Number 22 (2018)
Dada, War and Peace: Call for submissions
The origin of the Dada movement is inextricably linked to the history of World War I and to the reaction of artists and writers to the unprecedented carnage of that war. The participants in the Cabaret Voltaire were almost all citizens of countries that were engaged in the conflict, or that soon would be. Some had direct experience of combat, others felt the war’s effects less directly; but for all of the foreigners, neutral Switzerland served as a refuge from the Great War. The radical strategies of Zurich Dada were a protest against militarism, nationalism, and all of the characteristics of European civilization that had contributed to the war. Later, in Berlin, anti-war activities were a crucial element in the rise of Dada in the German capital, and the military was a target of Berlin Dada activities in the years following the war. Studies of Dada in relation to the war have, for the most part, focused on these two centers, but as the movement spread to other countries, both before and after the Armistice, the dadaists’ engagement with issues of war and peace varied in relation to a number of historical and personal factors. In the interwar period, many of the former dadaists were engaged with opposition to French colonial wars and to the rise of Nazism in Germany. Between 1939 and 1945, ex-dadaists in exile and those still living within Germany and the occupied countries coped with a second European war in ways ranging from resistance to “inner emigration” to, in a few cases, support for fascist regimes. Coinciding with the period of the classic Dada memoirs, the Cold War era held new perils for the largely left-leaning dadaists, and had a profound effect on the way some of them reassessed the movement as it approached its fiftieth anniversary.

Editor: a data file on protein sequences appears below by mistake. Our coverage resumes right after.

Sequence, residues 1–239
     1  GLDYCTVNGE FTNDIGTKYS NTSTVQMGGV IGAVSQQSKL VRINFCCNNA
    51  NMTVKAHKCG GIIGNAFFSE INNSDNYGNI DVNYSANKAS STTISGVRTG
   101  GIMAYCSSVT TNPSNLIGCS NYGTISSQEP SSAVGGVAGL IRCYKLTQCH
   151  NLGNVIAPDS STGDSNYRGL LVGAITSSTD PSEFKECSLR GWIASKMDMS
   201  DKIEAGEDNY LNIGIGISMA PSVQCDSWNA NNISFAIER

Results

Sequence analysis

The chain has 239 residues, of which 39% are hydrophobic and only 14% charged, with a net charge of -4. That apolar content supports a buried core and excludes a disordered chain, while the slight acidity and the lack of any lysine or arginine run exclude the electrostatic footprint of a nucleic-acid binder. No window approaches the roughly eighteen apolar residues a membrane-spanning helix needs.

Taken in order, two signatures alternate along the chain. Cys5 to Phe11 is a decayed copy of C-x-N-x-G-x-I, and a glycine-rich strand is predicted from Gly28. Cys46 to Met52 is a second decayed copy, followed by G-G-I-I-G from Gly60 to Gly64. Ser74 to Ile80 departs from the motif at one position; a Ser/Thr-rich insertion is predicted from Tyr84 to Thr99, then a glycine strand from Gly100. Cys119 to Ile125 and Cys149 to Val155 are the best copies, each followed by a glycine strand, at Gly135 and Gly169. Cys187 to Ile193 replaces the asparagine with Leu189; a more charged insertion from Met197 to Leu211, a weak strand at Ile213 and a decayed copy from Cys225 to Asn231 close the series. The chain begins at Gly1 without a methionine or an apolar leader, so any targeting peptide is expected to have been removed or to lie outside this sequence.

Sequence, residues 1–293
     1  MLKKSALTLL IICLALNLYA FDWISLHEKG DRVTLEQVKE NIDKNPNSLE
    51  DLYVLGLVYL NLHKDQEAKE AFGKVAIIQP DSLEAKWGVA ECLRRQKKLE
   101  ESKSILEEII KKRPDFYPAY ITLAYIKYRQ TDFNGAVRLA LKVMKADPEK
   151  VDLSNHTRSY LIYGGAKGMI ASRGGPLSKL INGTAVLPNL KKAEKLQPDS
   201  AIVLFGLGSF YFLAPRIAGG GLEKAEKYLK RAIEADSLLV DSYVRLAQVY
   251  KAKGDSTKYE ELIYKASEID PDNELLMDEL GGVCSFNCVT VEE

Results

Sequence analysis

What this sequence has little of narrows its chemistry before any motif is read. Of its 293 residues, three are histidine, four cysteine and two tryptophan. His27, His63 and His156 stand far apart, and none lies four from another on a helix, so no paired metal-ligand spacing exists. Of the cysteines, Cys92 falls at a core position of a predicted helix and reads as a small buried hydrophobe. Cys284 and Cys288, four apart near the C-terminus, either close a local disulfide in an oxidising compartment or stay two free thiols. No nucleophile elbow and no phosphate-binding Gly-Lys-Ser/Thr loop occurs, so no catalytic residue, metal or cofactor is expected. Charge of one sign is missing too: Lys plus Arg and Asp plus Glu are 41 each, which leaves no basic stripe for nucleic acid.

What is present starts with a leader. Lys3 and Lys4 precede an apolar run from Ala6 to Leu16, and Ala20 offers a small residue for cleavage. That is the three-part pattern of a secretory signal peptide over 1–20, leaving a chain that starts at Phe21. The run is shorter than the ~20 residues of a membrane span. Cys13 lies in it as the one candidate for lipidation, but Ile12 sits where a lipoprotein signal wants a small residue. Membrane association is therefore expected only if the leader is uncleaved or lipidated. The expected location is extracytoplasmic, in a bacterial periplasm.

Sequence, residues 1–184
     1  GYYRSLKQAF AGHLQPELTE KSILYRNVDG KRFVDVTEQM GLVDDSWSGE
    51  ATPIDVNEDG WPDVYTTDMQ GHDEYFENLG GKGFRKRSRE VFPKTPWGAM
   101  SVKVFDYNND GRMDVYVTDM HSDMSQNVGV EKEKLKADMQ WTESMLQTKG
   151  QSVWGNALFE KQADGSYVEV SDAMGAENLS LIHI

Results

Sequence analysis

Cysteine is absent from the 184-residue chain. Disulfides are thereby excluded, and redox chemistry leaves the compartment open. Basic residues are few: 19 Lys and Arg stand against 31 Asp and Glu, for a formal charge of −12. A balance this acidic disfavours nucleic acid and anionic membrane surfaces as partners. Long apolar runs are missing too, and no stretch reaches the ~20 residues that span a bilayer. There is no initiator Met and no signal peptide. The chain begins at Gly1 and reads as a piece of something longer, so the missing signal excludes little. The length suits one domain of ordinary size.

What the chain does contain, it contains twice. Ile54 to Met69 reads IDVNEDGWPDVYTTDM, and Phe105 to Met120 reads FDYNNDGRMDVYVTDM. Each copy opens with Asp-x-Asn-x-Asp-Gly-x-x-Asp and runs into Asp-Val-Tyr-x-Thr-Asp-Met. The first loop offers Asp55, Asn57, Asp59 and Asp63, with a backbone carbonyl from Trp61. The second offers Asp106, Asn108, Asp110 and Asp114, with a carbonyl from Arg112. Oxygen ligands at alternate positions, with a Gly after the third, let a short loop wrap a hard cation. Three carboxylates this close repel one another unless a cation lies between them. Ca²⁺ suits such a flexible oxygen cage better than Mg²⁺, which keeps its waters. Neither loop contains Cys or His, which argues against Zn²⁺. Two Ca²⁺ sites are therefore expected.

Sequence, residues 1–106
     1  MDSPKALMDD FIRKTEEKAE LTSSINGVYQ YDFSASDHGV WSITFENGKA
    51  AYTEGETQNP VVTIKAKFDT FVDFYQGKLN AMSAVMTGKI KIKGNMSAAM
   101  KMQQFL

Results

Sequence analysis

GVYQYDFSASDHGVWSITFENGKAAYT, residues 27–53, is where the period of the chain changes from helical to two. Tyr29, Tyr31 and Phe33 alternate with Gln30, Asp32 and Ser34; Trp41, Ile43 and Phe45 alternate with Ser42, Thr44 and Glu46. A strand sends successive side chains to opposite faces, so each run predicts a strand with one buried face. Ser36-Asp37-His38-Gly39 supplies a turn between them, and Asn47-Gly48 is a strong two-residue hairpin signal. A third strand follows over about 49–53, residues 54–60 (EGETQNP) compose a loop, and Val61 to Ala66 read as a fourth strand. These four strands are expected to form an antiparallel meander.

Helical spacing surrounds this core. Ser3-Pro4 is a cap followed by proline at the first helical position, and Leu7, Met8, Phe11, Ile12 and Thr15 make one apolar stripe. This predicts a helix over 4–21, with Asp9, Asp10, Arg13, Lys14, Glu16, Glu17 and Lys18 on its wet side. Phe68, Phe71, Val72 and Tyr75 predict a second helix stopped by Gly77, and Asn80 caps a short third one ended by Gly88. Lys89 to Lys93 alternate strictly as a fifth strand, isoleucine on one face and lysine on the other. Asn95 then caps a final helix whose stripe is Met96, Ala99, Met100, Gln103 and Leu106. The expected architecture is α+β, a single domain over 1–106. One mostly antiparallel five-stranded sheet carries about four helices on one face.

In observance of the centennial of the 1918 Armistice, issue number 22 of Dada/Surrealism will focus on the theme “Dada, War and Peace.” Scholars are invited to submit articles on any aspect of Dada in its relation to war, pacifism, and resistance during and after the World War I era.
All submissions are subject to our usual peer review process. Please note that beginning with this issue, Dada/Surrealism will be using the 8th edition of the MLA Handbook for bibliographic citations. Articles should be submitted to the editor at email@example.com by October 31, 2017. Articles should be sent as Microsoft Word documents, with no indication of the author’s name within the document text or metadata. Further guidelines may be found at http://ir.uiowa.edu/dadasur/policies.html.